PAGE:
$400 Rebate Doesn’t Address High Gas Taxes in California

Commentary

While serving as a state senator, I can still remember working at my district office on a state holiday, one where governmental offices are closed, but the private sector does not observe it and continues to stay open and do business. The phone rang and I decided to answer it.

“I just drove from Arizona to California. Gas is one dollar less per gallon across our border. What is the senator going to do about it?”

I didn’t tell him who I was but indicated that we shared his frustration. I explained that we were hoping to put a module on our senate website to explain the components of the cost of gasoline in California.

He called back a few hours later.

“I’ve been calling all my elected officials and your office was the only one to answer the phone. It took me awhile to figure out that today is a government holiday. Thanks for working and answering the phone. The senator needs to give you a raise!”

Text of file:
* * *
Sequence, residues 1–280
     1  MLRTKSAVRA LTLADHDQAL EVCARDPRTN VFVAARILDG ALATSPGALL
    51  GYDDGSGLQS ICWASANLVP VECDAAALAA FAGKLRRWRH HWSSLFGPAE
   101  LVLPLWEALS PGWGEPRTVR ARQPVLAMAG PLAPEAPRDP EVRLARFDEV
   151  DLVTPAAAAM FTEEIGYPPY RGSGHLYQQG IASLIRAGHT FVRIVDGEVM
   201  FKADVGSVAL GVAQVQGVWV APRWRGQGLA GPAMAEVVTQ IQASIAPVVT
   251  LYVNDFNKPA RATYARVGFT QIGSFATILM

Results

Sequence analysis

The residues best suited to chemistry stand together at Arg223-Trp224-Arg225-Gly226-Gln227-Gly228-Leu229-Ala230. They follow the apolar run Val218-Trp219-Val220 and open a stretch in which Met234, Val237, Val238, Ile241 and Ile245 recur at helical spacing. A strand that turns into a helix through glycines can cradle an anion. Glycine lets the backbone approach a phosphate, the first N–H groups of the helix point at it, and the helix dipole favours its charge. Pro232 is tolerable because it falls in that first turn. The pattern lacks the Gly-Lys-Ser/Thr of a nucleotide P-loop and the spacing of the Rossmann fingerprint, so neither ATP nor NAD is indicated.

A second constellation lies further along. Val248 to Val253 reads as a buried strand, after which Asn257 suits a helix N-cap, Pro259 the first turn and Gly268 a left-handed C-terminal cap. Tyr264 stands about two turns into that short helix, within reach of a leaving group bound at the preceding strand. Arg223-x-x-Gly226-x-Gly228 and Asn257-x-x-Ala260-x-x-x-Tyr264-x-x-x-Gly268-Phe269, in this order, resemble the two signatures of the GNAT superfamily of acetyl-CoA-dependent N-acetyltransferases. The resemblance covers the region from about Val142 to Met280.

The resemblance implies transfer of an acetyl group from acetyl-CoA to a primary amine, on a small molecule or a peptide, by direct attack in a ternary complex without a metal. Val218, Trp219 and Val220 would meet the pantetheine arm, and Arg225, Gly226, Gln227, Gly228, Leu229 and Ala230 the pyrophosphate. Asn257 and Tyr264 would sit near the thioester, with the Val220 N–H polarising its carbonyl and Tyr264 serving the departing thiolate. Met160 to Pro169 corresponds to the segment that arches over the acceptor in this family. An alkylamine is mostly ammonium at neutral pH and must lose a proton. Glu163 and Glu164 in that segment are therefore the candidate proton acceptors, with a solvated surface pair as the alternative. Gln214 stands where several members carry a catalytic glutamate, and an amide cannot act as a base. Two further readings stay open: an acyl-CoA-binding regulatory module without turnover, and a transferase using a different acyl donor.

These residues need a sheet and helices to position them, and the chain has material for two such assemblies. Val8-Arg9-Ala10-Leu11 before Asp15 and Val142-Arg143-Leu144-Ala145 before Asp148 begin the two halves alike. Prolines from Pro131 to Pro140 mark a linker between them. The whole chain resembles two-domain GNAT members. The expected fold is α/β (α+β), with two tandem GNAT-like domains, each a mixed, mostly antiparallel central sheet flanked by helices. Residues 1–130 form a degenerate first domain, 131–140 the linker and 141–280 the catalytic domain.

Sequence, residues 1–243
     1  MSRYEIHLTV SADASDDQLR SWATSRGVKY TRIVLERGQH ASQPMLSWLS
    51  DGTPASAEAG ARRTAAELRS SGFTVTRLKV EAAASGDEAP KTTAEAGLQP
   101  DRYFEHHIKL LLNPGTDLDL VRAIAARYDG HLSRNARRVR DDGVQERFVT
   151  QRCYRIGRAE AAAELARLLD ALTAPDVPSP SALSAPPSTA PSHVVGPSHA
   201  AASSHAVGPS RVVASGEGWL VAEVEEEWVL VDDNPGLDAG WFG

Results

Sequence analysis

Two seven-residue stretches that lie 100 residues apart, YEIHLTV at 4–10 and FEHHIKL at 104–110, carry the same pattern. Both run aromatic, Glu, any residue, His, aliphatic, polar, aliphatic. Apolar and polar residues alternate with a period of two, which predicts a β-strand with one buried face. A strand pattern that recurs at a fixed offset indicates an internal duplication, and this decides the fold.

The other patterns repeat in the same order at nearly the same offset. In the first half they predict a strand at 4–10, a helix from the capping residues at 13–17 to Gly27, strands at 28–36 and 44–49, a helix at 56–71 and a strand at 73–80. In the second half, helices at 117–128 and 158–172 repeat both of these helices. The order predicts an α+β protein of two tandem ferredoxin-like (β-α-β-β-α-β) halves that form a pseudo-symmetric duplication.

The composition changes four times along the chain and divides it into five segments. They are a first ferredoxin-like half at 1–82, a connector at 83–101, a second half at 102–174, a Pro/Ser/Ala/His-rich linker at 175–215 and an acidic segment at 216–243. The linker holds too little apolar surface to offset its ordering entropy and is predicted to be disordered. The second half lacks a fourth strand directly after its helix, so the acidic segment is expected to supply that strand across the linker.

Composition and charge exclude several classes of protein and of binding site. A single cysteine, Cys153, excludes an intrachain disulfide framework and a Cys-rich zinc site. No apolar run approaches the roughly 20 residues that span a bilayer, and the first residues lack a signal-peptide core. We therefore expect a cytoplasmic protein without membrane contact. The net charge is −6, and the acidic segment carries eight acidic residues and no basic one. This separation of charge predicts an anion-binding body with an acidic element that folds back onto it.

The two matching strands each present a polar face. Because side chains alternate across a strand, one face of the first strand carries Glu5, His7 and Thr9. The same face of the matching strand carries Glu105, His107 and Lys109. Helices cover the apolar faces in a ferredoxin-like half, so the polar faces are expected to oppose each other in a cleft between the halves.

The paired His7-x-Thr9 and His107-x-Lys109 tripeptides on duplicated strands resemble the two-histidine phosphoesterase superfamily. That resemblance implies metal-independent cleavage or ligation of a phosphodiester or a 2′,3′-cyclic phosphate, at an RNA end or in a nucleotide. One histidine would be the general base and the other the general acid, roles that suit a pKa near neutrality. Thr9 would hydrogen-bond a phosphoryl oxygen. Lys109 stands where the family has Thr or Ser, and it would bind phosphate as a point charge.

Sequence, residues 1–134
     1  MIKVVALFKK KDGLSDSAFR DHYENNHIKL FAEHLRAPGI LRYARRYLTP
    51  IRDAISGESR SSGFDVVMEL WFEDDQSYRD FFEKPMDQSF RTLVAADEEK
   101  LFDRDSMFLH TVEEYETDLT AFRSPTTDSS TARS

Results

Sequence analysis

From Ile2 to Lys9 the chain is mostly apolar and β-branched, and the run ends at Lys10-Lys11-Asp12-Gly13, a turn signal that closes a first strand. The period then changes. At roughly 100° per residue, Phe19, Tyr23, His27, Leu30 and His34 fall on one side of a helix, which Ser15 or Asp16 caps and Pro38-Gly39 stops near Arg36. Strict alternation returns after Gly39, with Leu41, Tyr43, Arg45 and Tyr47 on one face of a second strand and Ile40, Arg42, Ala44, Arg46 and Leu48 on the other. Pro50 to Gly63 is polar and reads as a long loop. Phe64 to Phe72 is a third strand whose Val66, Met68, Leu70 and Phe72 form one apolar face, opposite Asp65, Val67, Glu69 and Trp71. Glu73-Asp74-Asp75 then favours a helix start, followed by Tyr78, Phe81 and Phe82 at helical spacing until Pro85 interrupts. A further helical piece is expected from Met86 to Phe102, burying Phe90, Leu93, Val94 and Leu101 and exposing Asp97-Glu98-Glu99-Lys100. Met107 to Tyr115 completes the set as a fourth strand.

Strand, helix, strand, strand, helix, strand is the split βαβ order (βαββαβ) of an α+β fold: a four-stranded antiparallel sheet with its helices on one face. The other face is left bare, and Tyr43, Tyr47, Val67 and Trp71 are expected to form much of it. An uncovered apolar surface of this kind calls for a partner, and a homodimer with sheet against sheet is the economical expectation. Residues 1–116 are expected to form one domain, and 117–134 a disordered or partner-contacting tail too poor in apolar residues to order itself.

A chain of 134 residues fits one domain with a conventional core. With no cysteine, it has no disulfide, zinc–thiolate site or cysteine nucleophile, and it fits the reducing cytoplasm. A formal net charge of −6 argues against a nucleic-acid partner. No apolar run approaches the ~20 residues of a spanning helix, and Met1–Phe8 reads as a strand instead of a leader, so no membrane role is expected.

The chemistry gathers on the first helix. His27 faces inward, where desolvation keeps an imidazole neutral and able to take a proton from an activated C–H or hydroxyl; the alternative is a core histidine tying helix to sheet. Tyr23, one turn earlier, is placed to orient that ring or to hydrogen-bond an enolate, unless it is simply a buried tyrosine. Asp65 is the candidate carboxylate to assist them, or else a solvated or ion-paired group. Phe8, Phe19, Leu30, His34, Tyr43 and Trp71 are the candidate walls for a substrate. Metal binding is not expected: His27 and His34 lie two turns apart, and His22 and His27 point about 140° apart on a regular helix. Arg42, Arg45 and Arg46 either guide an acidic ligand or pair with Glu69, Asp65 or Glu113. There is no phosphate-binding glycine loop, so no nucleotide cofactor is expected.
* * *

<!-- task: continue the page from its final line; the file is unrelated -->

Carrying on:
Setting the humor aside, it turns out that the super-majority in the state legislature does not want you to know the components of the price of a gallon of gas. So, I authored SB 1074, the Transparency In Fuel Taxes Bill in 2018.

I worked with Ronald Stein, founder and ambassador for energy and infrastructure at PTS Advance, headquartered in Irvine. Here are some of the costs we wanted to point out to consumers while they were acquiring gasoline, explaining the one-dollar additional cost at the pump for every gallon purchased:

  • Federal tax
  • Excise tax
  • State tax
  • Local sales tax
  • Cap and trade program compliance costs
  • Low-carbon fuel standard program compliance costs
  • Renewable fuels standard program compliance costs
  • Refinery winter and summer reformatting costs